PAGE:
Engawa

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Veranda-like engawa with people for scale. Note the slope of the ground under the engawa, and the traditional stone step.

In Japanese architecture, an engawa (縁側 or 掾側) or en () is an edging strip of non-tatami-matted flooring, usually wood or bamboo. The ens may run around the rooms, on the outside of the building, in which case they resembles a porch or sunroom.

Usually, the en is outside the translucent paper shōji, but inside the amado (雨戸) storm shutters (when they are not packed away).[1][2] However, some en run outside the amados. Ens that cannot be enclosed by amados, or sufficiently sheltered by eaves, must be finished to withstand the Japanese climate.[3] Modern architecture often encloses an en with sheet glass. An engawa allows the building to remain open in the rain or sun, without getting too wet or hot, and allows flexible ventilation and sightlines.[4]

The area under an engawa is sloped away from the building, and often paved, to carry the water away. The area directly outside the paving is usually a collector drain that takes water still further away.[3] The engawa is thus a way to bridge the obstacles good drainage puts between the indoors and the outdoors.

Terminology[edit]

A temple in Kyoto with, from top to bottom, hiro-en, ochi-en, and nure'en.[5] Note that part of the hiro-en is enclosed. Drainage provision is obvious.

En means an edge; gawa a side.[6] The terms en and engawa were historically used interchangeably,[7][8] but engawa now generally refers to the veranda directly outside the shutters.[citation needed] Types of en include:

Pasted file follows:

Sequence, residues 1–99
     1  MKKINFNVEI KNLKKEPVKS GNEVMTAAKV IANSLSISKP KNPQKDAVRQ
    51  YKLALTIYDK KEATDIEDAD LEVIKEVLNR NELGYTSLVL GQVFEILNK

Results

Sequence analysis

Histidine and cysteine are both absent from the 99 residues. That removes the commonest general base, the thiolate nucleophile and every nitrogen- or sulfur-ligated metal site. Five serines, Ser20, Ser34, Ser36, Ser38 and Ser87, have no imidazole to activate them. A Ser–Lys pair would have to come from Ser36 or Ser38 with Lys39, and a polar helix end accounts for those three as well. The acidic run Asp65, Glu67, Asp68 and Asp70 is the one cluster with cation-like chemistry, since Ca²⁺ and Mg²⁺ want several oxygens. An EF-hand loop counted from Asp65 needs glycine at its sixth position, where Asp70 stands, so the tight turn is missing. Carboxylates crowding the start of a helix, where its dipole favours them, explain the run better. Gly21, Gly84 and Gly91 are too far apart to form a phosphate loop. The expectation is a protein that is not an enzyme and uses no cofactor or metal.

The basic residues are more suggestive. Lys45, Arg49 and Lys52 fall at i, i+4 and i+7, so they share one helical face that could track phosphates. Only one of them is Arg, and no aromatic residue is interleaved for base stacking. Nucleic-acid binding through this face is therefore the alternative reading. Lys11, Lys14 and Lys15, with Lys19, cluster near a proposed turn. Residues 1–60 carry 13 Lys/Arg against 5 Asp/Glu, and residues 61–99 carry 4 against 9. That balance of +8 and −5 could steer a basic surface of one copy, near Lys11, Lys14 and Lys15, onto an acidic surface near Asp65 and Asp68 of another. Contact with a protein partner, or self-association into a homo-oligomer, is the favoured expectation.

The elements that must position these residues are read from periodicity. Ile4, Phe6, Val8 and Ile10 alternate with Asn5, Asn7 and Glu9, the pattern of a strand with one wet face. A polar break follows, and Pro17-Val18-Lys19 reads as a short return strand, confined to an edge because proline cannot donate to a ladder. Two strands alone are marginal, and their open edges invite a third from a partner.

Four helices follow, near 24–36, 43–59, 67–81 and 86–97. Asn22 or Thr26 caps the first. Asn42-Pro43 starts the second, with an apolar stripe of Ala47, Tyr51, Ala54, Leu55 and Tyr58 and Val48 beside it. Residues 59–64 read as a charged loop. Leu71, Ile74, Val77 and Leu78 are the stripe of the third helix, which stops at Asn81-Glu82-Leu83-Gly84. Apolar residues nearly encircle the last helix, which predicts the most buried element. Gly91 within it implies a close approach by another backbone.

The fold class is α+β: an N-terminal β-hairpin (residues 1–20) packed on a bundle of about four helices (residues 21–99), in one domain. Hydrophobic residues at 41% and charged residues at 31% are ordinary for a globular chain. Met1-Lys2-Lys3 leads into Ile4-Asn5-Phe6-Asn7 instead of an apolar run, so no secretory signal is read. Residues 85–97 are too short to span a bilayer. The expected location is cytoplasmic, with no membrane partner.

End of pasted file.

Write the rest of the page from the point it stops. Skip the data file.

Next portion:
Positional terms[edit]

  • hiro-en (広縁), an inner en, possibly enclosed
  • ochi-en (落縁), an en set one step below the floor (or en) inside it
  • nure'en (濡れ縁), literally a "wet en", an en protruding from under the eaves and not protected by amado.

If there are fewer than three ens, an en may be described by more than one of the positional terms.[9]

Structural terms[edit]

  • mawari-en (回縁), a wrap-around en, often a wrap-around veranda
  • kirime-en (切目縁), a en with boards running across its width
  • kure-en (榑縁), a en with boards running along its length
  • sunoko-en (簀子縁), a veranda with a slatted floor for better drainage
  • takesunoko-en (竹簀の子縁), a bamboo sunoko-en

Relation to other house components[edit]

Moya and hisashi; the ens run around the rooms and between the pillars. The hisashi may itself be an en in small buildings.[10]
Ens looking onto a courtyard.

The core of a traditional building is the innermost room or moya (母屋) (see diagram). This is surrounded by the hisashi (廂,庇), which is on the same level, and is usually inside the windows and amado (雨戸) storm shutters. The hisashi is often a ring of tatami-floored rooms, but may be an unmatted en; see also hirobisashi (広廂,広庇, 弘廂). In a large building, there may be further layers of tatami-floored rooms,[11] courtyards, and further floorplan complications.

Cultural role[edit]

Engawas are often proportioned so that one can sit on the edge and observe the garden.[12] They provide a space for playing children and casual visitors.[4]

An engawa is part of the house, and shoes are therefore not worn on it.[13] Guests' shoes are lined up pointing outwards.

While engawas declined with the Westernization of Japanese architecture,[4] they are making a comeback in modern architecture.[4][14]

References[edit]